Portal:Advanced General Studies/Image

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Warming climate exposed a vast continental shelf for humans to inhabit.

"Eighteen thousand years ago, the seas around northern Europe were some 400 feet lower than today. Britain was not an island but the uninhabited northwest corner of Europe, and between it and the rest of the continent stretched frozen tundra. As the world warmed and the ice receded, deer, aurochs, and wild boar headed northward and westward. The hunters followed. Coming off the uplands of what is now continental Europe, they found themselves in a vast, low-lying plain."[1]

"Doggerland is now believed to have been settled by Mesolithic people, probably in large numbers, until they were forced out of it thousands of years later by the relentlessly rising sea. A period of climatic and social upheaval ensued until, by the end of the Mesolithic, Europe had lost a substantial portion of its landmass and looked much as it does today."[1]

"Based on seismic survey data gathered mostly by oil companies prospecting under the North Sea, [...] the contours [...] translate into gently rolling hills, wooded valleys, lush marshes, and lagoons."[1]

"In addition to the human jawbone, [there are] accumulated more than a hundred other artifacts —animal bones showing signs of butchery and tools made from bone and antler, among them an ax decorated with a zigzag pattern. Because [there are] coordinates of these finds, and because objects on the seabed tend not to move far from where erosion liberates them, [...] many come from a specific area of the southern North Sea that the Dutch call De Stekels (the Spines), characterized by steep seabed ridges."[1]

"The most rapid rises of sea level were on the order of three to six feet a century, but because of the variable topography of the land, the flooding would not have been even. In areas as flat as modern-day East Anglia, a six-foot rise could have shifted the coast inland by miles; in hillier places, less. Down in low-lying Doggerland, the rising sea turned inland lakes into estuaries."[1]

“There would have been huge population shifts. People who were living out in what is now the North Sea would have been displaced very quickly.”[2]

Credit: William E. McNulty and Jerome N. Cookson, Simon Fitch and Vincent Gaffney, North Sea Palaeolandscapes Project.


  1. 1.0 1.1 1.2 1.3 1.4 Laura Spinney (December 2012). "Searching for Doggerland". National Geographic Magazine: 6. http://waughfamily.ca/Ancient/Doggerland%20-%20National%20Geographic.pdf. Retrieved 2017-02-02. 
  2. Clive Waddington (December 2012). "Searching for Doggerland". National Geographic Magazine: 6. http://waughfamily.ca/Ancient/Doggerland%20-%20National%20Geographic.pdf. Retrieved 2017-02-02. 

This image shows the interior of an ATX power supply. Credit: Alan Liefting.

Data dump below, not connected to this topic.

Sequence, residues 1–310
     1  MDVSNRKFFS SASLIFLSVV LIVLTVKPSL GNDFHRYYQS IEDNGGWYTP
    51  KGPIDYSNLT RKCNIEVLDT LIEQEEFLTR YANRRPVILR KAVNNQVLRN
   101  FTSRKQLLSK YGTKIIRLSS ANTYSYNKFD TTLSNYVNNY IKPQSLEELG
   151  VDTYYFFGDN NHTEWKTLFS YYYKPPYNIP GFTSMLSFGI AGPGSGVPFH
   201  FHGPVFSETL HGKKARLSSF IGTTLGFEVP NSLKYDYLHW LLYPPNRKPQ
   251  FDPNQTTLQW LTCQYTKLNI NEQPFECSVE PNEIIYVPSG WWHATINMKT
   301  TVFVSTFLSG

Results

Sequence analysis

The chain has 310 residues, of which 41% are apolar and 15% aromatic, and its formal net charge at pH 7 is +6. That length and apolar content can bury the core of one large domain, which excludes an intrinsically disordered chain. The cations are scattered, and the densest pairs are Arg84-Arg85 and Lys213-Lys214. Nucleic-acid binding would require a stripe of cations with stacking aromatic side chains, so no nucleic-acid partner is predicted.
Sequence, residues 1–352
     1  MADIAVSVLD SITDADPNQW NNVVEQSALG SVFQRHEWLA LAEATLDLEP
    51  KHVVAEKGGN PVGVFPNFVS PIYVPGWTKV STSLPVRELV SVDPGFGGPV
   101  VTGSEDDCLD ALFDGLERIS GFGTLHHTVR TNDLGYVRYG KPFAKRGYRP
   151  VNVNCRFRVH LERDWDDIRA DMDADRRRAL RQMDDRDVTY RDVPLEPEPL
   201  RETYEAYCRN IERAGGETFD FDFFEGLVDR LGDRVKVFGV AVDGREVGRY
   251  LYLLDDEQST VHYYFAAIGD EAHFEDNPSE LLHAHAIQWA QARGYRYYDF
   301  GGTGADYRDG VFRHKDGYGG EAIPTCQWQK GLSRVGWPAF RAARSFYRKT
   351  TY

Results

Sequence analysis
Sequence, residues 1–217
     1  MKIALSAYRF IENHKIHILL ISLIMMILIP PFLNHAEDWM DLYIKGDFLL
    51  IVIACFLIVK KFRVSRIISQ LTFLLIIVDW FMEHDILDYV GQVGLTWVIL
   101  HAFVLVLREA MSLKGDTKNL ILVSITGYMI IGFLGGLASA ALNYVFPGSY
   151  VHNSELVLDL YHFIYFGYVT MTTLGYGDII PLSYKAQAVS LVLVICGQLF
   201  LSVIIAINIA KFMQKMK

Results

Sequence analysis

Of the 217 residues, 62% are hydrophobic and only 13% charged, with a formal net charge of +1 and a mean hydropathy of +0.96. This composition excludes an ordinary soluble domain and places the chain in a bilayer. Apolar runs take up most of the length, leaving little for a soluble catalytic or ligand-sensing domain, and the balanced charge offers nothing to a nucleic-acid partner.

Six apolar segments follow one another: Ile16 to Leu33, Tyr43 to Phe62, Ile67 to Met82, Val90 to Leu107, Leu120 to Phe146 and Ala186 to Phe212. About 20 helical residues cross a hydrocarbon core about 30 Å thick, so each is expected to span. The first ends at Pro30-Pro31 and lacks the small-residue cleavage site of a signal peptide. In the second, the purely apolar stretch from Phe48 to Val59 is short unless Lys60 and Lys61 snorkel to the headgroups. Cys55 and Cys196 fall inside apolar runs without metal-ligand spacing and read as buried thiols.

The applications of power electronics include public utilities.

Advanced electronics is applied to the distribution of electrical power such as electricity.

John Pilger, Richard Gizbert, and Julian Assange are before the investigative press regarding The Wikileaks Files - Book Launch - Foyles, London - 29th September 2015. Credit: Walej.

Def. a "form of journalism in which the reporter deeply investigates a single topic of interest, often involving crime or corruption"[1] is called investigative journalism.

"Reporting, through one's own initiative and work product, matters of importance to readers, viewers, or listeners [is investigative journalism]."[2]

"An investigative journalist is a man or woman whose profession it is to discover the truth and to identify lapses from it in whatever media may be available. The act of doing this generally is called investigative journalism and is distinct from apparently similar work done by police, lawyers, auditors, and regulatory bodies in that it is not limited as to target, not legally founded and closely connected to publicity."[3]


  1. investigative journalism. San Francisco, California: Wikimedia Foundation, Inc. March 1, 2014. https://en.wiktionary.org/wiki/investigative_journalism. Retrieved 2014-05-06. 
  2. Steve Weinberg, The Reporter's Handbook: An Investigator's Guide to Documents and Techniques, St. Martin's Press, 1996
  3. Investigative Journalism: Context and Practice, Hugo de Burgh (ed), Routledge, London and New York, 2000

This is the cover image from the new erotica e-book by Elizabeth Black. Credit: New Dawning Bookfair.

Def. literature "relating to or tending to arouse sexual desire or excitement"[1] is called erotic literature, or erotica.

The cover image is from the new erotica e-book by Elizabeth Black called "PURR a Puss 'n Boots Twisted Tale".


  1. Cammoore~enwiktionary (16 April 2015). erotic. San Francisco, California: Wikimedia Foundation, Inc. https://en.wiktionary.org/wiki/erotic. Retrieved 2015-06-24. 

The image is of a sperm whale Physeter macrocephalus.

"Sperm whales have the largest brain of any animal (on average 17 pounds (7.8 kg) in mature males)".[1]

These sentient whales have the largest brains that have ever existed on Earth.

"Absolute size is the most general of all brain properties [...], and ranges in mammals from brains of small bats and insectivores (weighing less than 0.1 g) to those of large cetaceans (up to 9000 g)."[2]

Credit: Tim Cole, NMFS (NOAA).


  1. WF Perrin; B Wursig; JGM Thewissen (13 November 2013). Sperm Whales (Physeter macrocephalus). NOAA. http://www.nmfs.noaa.gov/pr/species/mammals/cetaceans/spermwhale.htm. Retrieved 2014-09-23. 
  2. Gerhard Roth; Ursula Dicke (May 2005). "Evolution of the brain and intelligence". Trends in Cognitive Sciences 9 (5): 250-7. http://www.subjectpool.com/ed_teach/y3project/Roth2005_TICS_brain_size_and_intelligence.pdf. Retrieved 2014-09-23. 

Nominating or creating selected images

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